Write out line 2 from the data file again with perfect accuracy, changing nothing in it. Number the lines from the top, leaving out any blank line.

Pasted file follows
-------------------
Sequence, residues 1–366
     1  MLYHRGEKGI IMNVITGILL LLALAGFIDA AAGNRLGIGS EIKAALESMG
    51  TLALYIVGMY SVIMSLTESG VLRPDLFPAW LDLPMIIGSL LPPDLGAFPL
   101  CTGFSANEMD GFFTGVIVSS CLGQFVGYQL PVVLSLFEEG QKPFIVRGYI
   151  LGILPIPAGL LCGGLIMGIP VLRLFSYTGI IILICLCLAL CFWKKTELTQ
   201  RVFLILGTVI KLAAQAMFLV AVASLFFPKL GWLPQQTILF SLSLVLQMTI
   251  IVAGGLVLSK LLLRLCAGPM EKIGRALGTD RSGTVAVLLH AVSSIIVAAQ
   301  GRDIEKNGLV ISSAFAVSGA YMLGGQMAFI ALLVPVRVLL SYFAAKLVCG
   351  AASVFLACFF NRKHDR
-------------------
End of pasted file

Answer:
     1  MLYHRGEKGI IMNVITGILL LLALAGFIDA AAGNRLGIGS EIKAALESMG